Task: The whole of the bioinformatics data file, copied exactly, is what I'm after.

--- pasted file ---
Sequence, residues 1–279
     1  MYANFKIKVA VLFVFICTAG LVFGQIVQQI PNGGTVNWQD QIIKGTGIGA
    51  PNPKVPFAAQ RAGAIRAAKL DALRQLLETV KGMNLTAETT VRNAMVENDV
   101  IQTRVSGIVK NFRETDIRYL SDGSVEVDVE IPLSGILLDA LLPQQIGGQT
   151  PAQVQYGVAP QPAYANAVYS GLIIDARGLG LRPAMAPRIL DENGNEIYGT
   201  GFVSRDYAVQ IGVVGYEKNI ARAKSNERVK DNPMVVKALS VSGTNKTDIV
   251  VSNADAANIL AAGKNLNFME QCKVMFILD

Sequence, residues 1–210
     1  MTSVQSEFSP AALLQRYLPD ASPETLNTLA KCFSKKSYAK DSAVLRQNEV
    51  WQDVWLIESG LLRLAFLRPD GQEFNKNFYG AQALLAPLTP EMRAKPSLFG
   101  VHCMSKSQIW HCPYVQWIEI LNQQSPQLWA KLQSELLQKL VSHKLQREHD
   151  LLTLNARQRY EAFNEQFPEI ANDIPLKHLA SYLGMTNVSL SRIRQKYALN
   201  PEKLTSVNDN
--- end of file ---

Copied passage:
Sequence, residues 1–279
     1  MYANFKIKVA VLFVFICTAG LVFGQIVQQI PNGGTVNWQD QIIKGTGIGA
    51  PNPKVPFAAQ RAGAIRAAKL DALRQLLETV KGMNLTAETT VRNAMVENDV
   101  IQTRVSGIVK NFRETDIRYL SDGSVEVDVE IPLSGILLDA LLPQQIGGQT
   151  PAQVQYGVAP QPAYANAVYS GLIIDARGLG LRPAMAPRIL DENGNEIYGT
   201  GFVSRDYAVQ IGVVGYEKNI ARAKSNERVK DNPMVVKALS VSGTNKTDIV
   251  VSNADAANIL AAGKNLNFME QCKVMFILD

Sequence, residues 1–210
     1  MTSVQSEFSP AALLQRYLPD ASPETLNTLA KCFSKKSYAK DSAVLRQNEV
    51  WQDVWLIESG LLRLAFLRPD GQEFNKNFYG AQALLAPLTP EMRAKPSLFG
   101  VHCMSKSQIW HCPYVQWIEI LNQQSPQLWA KLQSELLQKL VSHKLQREHD
   151  LLTLNARQRY EAFNEQFPEI ANDIPLKHLA SYLGMTNVSL SRIRQKYALN
   201  PEKLTSVNDN